Differential regulation of matrix metalloproteinases in human cancer cells by exogenous factors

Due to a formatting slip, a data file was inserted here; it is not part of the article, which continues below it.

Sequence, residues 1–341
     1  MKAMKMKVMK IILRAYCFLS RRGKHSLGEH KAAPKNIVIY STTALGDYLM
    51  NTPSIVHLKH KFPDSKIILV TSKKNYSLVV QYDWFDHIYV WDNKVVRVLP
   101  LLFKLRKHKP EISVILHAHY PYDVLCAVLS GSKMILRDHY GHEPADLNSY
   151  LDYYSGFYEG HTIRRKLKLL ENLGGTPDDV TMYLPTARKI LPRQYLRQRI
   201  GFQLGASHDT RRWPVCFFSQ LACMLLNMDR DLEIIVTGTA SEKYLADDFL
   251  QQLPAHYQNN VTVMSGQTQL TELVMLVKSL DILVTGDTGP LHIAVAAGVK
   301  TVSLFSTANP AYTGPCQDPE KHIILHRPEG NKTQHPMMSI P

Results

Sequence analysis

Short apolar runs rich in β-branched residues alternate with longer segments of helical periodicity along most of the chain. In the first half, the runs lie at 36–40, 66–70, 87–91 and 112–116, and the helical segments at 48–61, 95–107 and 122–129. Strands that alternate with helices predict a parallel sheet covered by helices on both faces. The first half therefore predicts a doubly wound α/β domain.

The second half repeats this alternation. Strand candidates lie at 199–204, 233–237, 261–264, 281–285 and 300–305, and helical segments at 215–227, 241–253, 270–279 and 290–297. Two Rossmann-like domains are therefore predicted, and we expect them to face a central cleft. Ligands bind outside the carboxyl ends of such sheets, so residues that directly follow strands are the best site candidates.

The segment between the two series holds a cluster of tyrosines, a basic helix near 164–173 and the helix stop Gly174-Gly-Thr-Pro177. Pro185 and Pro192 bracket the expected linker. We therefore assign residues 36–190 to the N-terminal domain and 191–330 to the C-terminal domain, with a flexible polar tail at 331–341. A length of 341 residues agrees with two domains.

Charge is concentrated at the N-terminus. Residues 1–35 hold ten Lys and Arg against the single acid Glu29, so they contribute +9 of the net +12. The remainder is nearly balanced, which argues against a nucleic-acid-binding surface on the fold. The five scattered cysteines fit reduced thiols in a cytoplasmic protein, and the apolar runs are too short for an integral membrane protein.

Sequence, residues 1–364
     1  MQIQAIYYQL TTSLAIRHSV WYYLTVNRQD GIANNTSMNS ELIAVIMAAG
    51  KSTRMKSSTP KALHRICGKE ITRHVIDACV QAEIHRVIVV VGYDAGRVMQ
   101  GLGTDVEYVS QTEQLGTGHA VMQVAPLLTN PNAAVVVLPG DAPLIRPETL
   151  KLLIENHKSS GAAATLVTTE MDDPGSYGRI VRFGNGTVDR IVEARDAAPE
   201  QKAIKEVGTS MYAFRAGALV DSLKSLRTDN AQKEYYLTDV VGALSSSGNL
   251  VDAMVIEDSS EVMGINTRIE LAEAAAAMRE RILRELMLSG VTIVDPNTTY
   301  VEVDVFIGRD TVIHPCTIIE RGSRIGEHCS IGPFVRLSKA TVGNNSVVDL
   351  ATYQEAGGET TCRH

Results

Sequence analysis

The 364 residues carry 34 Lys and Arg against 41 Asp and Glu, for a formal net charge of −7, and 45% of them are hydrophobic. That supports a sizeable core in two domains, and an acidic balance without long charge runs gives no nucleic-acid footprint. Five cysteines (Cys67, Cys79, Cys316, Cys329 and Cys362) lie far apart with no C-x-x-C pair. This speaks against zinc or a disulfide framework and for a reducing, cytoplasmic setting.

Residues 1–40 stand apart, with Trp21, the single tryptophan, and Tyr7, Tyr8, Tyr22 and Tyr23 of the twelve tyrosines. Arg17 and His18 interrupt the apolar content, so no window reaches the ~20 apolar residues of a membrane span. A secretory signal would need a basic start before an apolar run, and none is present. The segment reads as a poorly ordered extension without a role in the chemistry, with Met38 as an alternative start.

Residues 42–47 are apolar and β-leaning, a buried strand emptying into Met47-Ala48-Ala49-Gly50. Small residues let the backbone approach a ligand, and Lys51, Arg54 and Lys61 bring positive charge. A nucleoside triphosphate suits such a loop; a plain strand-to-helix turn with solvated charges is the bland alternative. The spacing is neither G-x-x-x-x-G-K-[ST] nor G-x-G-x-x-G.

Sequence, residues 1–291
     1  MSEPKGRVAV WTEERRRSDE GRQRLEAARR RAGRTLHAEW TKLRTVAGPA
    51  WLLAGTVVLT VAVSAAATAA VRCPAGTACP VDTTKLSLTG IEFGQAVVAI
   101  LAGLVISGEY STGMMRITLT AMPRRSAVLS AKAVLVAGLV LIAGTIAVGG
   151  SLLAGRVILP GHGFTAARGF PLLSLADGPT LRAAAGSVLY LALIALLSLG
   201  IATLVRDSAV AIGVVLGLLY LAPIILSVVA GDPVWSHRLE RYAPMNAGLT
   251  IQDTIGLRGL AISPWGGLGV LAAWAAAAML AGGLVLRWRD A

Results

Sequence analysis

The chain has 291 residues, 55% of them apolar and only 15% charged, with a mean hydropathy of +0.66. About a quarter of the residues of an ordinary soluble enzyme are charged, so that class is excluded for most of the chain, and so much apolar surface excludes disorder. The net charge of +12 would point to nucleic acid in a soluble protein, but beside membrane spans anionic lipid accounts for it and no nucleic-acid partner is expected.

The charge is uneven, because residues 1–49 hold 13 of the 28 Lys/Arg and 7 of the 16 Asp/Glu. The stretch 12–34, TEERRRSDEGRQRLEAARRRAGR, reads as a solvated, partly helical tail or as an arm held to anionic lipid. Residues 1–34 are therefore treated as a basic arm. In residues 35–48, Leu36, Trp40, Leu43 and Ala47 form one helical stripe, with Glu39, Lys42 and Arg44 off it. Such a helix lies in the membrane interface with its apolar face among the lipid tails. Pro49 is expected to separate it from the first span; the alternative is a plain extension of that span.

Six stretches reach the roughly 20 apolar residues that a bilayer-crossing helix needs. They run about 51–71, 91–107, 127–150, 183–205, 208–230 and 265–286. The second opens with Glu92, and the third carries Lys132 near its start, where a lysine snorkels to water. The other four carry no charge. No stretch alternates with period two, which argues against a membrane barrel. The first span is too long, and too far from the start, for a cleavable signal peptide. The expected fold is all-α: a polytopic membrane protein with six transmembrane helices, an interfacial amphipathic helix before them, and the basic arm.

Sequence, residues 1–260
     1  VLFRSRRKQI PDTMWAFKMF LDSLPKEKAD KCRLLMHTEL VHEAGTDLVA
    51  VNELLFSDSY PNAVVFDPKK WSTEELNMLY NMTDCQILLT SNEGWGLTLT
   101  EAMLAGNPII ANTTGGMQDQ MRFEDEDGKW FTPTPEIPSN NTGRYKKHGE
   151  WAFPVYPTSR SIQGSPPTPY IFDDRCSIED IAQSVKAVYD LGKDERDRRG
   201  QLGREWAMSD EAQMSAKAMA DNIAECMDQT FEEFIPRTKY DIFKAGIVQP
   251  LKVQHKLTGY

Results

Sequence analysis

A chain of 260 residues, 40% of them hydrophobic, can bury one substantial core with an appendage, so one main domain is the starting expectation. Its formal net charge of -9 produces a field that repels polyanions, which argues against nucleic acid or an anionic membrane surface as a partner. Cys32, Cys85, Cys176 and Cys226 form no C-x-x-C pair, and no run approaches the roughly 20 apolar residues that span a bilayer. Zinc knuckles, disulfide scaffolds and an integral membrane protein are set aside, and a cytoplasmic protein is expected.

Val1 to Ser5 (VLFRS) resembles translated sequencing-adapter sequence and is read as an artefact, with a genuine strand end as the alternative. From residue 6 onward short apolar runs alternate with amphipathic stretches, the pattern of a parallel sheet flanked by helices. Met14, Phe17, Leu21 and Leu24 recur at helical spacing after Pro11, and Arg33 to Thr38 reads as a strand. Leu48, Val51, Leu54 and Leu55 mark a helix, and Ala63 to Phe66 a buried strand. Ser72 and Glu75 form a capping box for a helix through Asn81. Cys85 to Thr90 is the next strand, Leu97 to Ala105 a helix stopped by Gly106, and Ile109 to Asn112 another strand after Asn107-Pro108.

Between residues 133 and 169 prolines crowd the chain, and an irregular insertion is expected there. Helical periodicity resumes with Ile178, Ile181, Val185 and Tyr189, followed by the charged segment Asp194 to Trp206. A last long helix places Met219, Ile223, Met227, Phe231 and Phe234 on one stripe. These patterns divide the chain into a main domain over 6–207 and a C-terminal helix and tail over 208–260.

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Matrix degradation by cancer cells is an important attribute of malignant behaviour. We have postulated that during invasion and metastasis, matrix metalloproteinase (MMP) production by cancer cells is modulated by microenvironmental factors. To determine this, we screened human cancer cell lines of diverse histogenesis for their secreted MMP profile following exposure to a diversity of soluble and insoluble agents. Enzymatic changes were observed in the presence of phorbol ester (TPA) and hydrogen peroxide (H2O2). More specifically, we observed: (a) increased secretion and/or activation of gelatinases A (MMP-2) and B (MMP-9) after exposure of 8 cell lines to 10(-6) M TPA; (b) increased activation of interstitial collagenase (MMP-1) caseinolysis after stimulation of 3 cancer cell lines with 10(-7) M TPA; and (c) increased activation of MMP-2 after exposure of 2 cell lines to 0.5 mM H3O2. In functional assays, exposure of lung Calu-6 carcinoma cells to 0.5 mM H2O2 and PC-3 cells to TPA, increased their ability to degrade radiolabelled endothelial cell-derived and osteoblast-like-derived basement membranes, respectively. RNA hybridization studies confirmed and further documented these observations. We conclude that modulation of MMP activity in human cancer cells is a common phenomenon regardless of lineage. Modulatory mechanisms such as increased de novo pro-enzyme synthesis and/or release, and enhanced proenzyme activation may be involved. Furthermore, our results provide evidence that extracellular matrix degradation by human cancer cells during invasion and metastasis may be stimulated by soluble matrix-derived factors in a cell type-specific fashion.
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